After my review of the Classical Ensemble’s previous spectacular performance in Michaelmas, I was keen to hear them again this term. They certainly did not disappoint, offering a varied, and indeed long programme, ranging from Handel to Beethoven.

The concert begins with a surprise; a resounding fanfare from the back of the Church, the March from Purcell’s Music for the Funeral of Queen Mary. Although I’d seen the select musicians move behind me earlier, I completely forgot about it, so it was a genuine surprise, and a wonderful effect! Very nice authentic ornamentation in the brass, and a good start to grab the audience’s attention.

The next piece on the programme was Marianne von Martinez’s Sinfonia in C major. Great dynamic control and energy on display, although with occasional intonation issues in the upper strings and flutes. It’s wonderful that DUCE, as well as other Durham ensembles like the Hill Orchestra, are promoting the works of female composers, particularly on their own merit; Martinez, not only a highly accomplished performer of her day but the earliest known female symphonist, sports great imagination in her 1770 symphony, with wonderful phrasing, rhythmic vitality, and light Viennese elegance, which DUCE brought out to the fore.

Mozart’s A Musical Joke followed, to much delight to the audience. Purposeful wrong notes and the effect of incorrectly tuned horns encouraged plenty of laughs from audience members, especially the concluding chords of the fourth movement, aptly described in the programme notes as a ‘riotous and silly polytonal mess’, finishing off the piece with great gusto. Within the piece however were also wonderfully beautiful passages. The string quartet of the third movement was particularly lovely, with special congratulations to leader Millie Harding, whose extensive solo playing was exquisitely done.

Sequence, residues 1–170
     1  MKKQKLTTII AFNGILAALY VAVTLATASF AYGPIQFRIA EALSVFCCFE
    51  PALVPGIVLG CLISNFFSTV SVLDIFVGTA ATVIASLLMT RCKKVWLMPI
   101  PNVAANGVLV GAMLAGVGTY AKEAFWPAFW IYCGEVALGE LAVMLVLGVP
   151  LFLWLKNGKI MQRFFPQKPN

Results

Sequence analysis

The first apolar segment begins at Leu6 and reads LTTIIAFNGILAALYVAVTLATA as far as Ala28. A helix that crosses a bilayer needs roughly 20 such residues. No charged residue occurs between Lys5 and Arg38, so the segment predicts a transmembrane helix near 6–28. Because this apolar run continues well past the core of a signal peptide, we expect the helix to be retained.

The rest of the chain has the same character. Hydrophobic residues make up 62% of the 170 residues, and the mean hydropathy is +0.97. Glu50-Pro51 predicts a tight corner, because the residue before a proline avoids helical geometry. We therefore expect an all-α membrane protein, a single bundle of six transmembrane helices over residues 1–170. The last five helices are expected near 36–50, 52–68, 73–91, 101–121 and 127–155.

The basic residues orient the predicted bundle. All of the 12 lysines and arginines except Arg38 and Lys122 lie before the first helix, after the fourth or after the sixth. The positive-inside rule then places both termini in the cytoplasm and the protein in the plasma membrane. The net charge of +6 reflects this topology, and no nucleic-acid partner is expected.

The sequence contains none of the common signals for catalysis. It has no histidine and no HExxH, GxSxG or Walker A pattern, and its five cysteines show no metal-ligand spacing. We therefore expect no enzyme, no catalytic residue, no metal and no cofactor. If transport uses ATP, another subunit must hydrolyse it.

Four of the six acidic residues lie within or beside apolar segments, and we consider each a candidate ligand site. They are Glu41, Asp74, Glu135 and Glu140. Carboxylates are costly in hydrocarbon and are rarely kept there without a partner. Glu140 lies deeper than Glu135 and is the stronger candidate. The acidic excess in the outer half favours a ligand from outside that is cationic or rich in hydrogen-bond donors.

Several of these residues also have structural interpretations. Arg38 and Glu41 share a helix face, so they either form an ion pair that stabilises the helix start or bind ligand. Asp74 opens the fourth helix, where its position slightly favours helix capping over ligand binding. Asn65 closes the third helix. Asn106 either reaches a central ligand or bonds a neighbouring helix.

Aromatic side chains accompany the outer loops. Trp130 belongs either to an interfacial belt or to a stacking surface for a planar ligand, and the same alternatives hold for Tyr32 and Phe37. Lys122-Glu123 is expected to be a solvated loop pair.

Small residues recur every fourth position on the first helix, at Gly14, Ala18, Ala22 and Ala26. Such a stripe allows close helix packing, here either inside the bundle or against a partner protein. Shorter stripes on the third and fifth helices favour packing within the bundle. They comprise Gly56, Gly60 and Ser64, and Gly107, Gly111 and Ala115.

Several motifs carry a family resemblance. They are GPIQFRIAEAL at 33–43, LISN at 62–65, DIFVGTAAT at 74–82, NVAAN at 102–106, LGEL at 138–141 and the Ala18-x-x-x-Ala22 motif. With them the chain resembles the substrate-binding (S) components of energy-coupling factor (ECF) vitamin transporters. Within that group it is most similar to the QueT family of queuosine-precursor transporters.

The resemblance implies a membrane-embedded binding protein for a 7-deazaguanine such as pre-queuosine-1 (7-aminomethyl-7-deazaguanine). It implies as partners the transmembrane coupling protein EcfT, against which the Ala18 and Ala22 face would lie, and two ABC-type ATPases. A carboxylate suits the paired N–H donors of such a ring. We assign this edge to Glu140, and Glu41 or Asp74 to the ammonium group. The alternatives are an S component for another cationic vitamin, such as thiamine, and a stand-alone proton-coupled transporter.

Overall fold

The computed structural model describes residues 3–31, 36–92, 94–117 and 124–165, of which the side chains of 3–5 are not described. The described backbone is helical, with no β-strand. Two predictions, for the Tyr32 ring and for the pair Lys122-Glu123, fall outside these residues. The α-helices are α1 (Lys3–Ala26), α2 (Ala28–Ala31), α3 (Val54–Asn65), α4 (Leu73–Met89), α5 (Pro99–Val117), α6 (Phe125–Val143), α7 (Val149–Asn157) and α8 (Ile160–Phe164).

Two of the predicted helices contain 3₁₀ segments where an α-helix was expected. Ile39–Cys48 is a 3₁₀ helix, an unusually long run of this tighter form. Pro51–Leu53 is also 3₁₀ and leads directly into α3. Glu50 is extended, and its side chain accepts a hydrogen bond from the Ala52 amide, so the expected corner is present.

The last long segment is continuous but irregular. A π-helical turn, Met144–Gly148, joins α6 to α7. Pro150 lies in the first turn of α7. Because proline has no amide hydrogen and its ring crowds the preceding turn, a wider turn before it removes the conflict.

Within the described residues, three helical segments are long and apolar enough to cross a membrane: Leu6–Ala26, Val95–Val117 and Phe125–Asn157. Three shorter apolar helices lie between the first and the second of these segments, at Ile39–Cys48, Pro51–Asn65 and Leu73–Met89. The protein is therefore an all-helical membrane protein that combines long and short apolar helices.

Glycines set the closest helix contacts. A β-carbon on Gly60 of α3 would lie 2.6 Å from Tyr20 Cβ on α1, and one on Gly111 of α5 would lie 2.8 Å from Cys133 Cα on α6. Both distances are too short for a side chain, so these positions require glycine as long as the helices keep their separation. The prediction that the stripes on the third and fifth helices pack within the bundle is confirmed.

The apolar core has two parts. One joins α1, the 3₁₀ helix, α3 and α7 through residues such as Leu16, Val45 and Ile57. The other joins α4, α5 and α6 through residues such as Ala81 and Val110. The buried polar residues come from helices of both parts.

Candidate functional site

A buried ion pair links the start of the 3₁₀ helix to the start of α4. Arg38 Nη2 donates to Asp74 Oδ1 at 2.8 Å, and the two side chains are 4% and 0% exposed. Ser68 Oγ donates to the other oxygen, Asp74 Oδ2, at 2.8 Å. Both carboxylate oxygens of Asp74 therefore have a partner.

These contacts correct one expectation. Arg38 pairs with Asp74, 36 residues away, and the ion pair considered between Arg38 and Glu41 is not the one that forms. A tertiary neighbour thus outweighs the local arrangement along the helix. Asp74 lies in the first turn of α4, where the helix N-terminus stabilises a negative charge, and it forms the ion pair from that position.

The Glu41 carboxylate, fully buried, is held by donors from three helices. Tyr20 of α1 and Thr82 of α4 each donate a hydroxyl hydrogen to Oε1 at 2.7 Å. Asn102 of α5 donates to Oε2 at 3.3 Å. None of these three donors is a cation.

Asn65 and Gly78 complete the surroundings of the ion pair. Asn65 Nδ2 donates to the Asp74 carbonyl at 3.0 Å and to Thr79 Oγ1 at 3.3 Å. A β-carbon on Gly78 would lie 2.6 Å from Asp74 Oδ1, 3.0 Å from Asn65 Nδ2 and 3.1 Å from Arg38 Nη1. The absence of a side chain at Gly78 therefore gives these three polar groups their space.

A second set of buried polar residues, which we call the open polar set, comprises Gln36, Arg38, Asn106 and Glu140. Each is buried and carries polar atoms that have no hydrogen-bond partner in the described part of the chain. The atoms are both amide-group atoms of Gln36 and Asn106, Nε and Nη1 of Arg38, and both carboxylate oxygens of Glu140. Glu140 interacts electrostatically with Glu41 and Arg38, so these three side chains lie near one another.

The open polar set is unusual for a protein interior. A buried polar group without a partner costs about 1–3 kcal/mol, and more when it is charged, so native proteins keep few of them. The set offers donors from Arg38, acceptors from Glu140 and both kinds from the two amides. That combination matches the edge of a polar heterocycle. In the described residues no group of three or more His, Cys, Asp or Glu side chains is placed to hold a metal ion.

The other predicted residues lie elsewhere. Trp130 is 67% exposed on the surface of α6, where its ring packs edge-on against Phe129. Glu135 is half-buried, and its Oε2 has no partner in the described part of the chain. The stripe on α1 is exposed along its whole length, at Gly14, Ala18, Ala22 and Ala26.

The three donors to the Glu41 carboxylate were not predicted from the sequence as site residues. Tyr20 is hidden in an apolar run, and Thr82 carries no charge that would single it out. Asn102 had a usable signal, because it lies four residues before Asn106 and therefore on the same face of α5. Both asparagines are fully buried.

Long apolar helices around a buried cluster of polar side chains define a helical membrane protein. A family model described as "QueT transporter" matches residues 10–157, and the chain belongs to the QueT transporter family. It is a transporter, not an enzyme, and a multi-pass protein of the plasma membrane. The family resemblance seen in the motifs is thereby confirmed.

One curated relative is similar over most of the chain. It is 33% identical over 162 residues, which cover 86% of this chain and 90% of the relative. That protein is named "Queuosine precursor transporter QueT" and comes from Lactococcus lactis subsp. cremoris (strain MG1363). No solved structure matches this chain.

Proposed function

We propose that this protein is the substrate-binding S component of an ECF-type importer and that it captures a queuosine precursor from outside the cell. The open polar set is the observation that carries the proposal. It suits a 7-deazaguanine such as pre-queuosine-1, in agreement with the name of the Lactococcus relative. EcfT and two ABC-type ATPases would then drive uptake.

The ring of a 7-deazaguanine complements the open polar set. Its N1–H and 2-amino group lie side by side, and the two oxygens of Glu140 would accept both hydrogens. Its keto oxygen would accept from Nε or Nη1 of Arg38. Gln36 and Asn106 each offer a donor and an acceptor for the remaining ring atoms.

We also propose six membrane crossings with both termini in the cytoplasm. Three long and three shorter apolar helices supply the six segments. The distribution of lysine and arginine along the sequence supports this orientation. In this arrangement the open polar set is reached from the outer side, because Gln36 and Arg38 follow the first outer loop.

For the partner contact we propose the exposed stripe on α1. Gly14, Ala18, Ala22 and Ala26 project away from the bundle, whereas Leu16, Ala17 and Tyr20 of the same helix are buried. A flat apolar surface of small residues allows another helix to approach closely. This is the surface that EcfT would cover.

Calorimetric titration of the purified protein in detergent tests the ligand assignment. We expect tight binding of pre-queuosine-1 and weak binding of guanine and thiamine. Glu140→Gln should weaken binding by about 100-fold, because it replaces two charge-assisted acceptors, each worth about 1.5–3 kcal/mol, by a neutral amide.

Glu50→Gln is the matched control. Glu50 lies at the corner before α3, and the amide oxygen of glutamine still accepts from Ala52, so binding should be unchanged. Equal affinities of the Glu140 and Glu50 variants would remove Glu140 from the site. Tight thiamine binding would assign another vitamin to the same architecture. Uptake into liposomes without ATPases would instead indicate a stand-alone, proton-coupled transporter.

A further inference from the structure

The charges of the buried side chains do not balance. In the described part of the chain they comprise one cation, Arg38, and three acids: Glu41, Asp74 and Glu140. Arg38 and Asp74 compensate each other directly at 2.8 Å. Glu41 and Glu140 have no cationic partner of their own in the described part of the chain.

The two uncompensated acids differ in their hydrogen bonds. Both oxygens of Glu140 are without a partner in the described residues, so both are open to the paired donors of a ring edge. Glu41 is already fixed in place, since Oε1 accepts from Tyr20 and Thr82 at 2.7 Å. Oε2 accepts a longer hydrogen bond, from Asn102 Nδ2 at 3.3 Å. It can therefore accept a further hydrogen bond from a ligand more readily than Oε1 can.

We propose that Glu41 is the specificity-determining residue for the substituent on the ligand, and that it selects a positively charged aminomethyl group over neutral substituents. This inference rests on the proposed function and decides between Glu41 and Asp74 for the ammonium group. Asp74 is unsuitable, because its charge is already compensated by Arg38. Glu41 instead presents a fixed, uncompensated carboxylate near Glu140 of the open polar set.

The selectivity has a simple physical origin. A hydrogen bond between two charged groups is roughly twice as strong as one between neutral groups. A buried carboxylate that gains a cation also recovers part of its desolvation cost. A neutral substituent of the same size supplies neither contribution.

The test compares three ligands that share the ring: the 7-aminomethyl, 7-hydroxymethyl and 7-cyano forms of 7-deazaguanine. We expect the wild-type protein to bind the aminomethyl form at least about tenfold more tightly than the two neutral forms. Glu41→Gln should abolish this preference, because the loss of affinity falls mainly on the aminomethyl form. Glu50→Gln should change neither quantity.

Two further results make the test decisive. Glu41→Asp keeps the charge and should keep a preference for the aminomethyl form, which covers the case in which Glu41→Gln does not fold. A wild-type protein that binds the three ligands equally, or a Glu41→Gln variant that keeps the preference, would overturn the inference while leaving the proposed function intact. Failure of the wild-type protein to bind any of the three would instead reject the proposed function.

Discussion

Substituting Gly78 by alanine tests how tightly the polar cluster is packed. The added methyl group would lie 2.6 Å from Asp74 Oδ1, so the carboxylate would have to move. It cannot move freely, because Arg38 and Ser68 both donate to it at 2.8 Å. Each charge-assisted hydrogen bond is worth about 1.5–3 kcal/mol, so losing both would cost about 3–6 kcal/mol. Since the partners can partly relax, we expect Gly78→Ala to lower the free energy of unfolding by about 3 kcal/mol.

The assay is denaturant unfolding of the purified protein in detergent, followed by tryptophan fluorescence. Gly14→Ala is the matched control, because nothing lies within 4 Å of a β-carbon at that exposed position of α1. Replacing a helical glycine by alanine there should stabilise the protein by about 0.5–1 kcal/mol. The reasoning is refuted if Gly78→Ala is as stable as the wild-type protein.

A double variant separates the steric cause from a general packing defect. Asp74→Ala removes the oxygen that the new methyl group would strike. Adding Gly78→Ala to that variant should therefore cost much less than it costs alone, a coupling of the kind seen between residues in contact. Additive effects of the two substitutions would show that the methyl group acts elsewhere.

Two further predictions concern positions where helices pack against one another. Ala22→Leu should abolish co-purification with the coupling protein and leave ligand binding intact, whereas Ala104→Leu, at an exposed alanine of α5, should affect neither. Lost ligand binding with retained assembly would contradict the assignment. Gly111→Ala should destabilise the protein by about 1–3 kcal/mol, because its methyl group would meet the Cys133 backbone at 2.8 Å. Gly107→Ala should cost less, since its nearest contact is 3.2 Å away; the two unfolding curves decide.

To conclude the first half, the opening movement of Handel’s famous Music for the Royal Fireworks commences. Brilliant trumpet playing and great energy from the timpani shone through, with an overall fabulous energy proving an excellent round-off to the first half.

The second half begins with another work by Mozart, his ecstatic Overture to The Marriage of Figaro. Great energy on display, although I would have liked even more of a sudden explosion in that most famous of climaxes at the opening. Woodwinds also need to ensure they’re always precisely with the beat of their conductor, Rob King. Good start though.

Finally, we come to the crown jewel of the evening, Beethoven’s rousing Emperor Concerto. His fifth and last piano concerto, it is a staple work in the classical canon, and an ambitious task for debut concerto soloist, Will Melling. Tackled masterfully by all, Beethoven’s signature musical style ringing round St Oswald’s with great power and grace, in his 250th anniversary year. Will’s playing is highly commendable; his legato arpeggios flowing effortlessly between the hands and rapid scalic passages approached with great dexterity. On occasion I sought a little more smoothness and broader phrasing in melodic passages, but overall it was certainly a brilliant performance, noted by a rapturous audience. Orchestra and piano complemented each other wonderfully, albeit with occasional issues of ensemble. On the whole, DUCE gave the work precisely the heroism and intensity that characterised Beethoven’s middle period and paid due homage to his anniversary.

A huge congratulations to the executive committee and the whole society for all their hard work in putting on this performance, in what has turned out to be the penultimate concert of term amid the pandemic. It is with great satisfaction that I recommend audiences to come and see DUCE at their next performance, whenever it might be.

Edward Walters